Microsoft Cloud Automation Software Developer SkyKick Raises $130M

“This is an important milestone, if you will, that recognizes the value that MSPs bring to the market,” co-founder and co-CEO Todd Schwartz said in an interview with CRN.


SkyKick, which provides cloud automation software and services for Microsoft partners, has raised a $130 million round of financing with plans to invest in improving its products and hiring 100 new employees across all departments, including product and partner success.

This is the Seattle-based company’s sixth insider-led round, according to a statement Tuesday. Morgan Stanley provided a combination of debt and equity for the round. Current investors Navin Thukkaram, Craig Nerenberg, Hawk Equity, Trebuchet Capital, Schechter Private Capital and other technology private investors participated in the round. The company has raised $200 million to date.

[RELATED: SkyKick Accelerates Its Office 365 Migration Platform]

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“This is an important milestone, if you will, that recognizes the value that MSPs (managed service providers) bring to the market,” co-founder and co-CEO Todd Schwartz said in an interview with CRN.

SkyKick launched in 2011 with its platform for facilitating Microsoft Office 365 migrations. It later added a backup service and QuantumSync, a feature that accelerates most migrations by two to four times while also improving security.

The company recently launched Cloud Manager, a no-code, low-code automation, workflow and management application to administer and secure MSP customers in the cloud with the goal of saving MSPs hours of time.

Cloud Manager sales have grown more than 1,000 percent in the past year, according to a company statement Tuesday.

SkyKick has grown to 30,000 partners worldwide and 250 employees. Among its customers are CDW, GoDaddy and SHI.

Schwartz said he and his co-founders started the company to bring enterprise-level cloud tools to small- to medium-sized businesses and realized the best way to reach SMBs is through the channel.

“We looked at the SMB market, and we said, ‘Look, there‘s just not a lot of people helping SMBs,’” he said. “And when we even looked further, the heroes, the unsung heroes of the SMB market, were the MSPs. And when we looked at that market, there were even fewer companies servicing MSPs, and even fewer still that were 100 percent focused on MSPs. So for us, we saw a tremendous opportunity to help the MSP to find a customer set that we thought would need some help.”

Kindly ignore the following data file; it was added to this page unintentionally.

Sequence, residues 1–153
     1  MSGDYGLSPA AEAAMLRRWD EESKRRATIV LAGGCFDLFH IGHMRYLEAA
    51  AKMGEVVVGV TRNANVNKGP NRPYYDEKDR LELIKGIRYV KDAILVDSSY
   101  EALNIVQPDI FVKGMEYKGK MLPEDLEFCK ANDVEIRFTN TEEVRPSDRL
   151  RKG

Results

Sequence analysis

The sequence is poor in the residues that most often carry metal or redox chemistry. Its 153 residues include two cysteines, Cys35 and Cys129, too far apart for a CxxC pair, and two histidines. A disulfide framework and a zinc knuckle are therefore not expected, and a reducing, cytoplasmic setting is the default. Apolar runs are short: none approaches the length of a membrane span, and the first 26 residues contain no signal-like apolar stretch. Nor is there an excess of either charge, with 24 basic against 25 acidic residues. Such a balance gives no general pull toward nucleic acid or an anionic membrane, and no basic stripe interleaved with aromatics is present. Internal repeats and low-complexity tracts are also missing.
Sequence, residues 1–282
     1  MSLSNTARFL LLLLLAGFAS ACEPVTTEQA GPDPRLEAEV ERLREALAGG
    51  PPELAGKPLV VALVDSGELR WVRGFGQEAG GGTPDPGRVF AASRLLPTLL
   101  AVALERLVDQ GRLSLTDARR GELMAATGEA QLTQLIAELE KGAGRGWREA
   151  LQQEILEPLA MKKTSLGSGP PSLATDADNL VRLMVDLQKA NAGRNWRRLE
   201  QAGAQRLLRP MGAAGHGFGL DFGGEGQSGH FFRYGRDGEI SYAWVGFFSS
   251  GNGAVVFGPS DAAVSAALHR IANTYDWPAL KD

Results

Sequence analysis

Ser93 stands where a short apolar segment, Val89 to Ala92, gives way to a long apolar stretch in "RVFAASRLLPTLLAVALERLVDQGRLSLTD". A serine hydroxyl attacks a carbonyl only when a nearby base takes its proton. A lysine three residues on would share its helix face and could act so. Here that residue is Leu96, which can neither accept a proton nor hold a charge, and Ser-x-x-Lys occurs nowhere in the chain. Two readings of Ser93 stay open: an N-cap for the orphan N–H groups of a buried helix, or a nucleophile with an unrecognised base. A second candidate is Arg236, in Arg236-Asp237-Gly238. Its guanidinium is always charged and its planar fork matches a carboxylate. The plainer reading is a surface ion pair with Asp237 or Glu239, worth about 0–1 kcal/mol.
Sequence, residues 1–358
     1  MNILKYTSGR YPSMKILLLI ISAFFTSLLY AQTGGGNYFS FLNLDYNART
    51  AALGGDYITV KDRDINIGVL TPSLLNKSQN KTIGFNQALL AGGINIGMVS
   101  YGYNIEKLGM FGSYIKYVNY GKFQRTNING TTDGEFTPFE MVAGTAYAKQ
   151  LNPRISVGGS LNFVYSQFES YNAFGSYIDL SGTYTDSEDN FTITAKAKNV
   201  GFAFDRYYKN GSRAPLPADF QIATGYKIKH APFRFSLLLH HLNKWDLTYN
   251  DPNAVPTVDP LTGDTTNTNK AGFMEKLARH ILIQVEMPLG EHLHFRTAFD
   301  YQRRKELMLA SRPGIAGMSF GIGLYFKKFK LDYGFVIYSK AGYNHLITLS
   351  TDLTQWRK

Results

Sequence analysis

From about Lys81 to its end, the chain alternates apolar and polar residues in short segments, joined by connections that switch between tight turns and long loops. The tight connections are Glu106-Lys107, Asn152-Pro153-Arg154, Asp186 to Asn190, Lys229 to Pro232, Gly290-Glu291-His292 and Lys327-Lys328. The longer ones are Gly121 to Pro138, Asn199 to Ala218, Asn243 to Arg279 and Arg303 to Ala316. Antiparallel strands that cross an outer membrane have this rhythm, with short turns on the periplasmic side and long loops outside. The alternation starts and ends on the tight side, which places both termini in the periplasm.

SkyKick’s offerings include automations for Microsoft 365 migrations from on-premises Exchange and Google, cloud backup for M365 and SharePoint and unlimited, free technical support, according to its website. The basic SkyKick plan starts at $199 a month if partners pay for the year.

The company’s executives credit the pandemic with getting more SMBs into the cloud and getting interested in adopting more cloud tools for business. The rise in SMB adoption also means greater need for solution providers that can educate SMBs on picking the right tools and manage cloud services for them.

And, in turn, a greater need for automation software providers like SkyKick that work with MSPs to save solution providers from needing to retrain existing employees or hire new ones, the executives told CRN.

“They just had this surge and wave from their customers that might have been moving a little bit slower, they thought they had a bunch of time,” SkyKick co-founder and co-CEO Evan Richman told CRN in an interview. “And then all of the sudden, they moved in. And I think as they make that move, whether it be to Teams, whatever collaboration tools, or email, then you‘ve made that first initial move to the cloud. And you start thinking about other things that you can do in the cloud.”

“The cloud’s only getting started,” Schwartz said. “It‘s a $100 billion MSP market out there. There’s a lot of business happening and it’s growing double digits. And it’s accelerating with the proliferation of SaaS. And yet if you look at penetration, most organizations only have one or two applications, and yet you look at the average enterprise and they’ve got 30 applications. So we see the trend, and the complexity will increase. And so we think that cloud is still very early days in the SMB market.”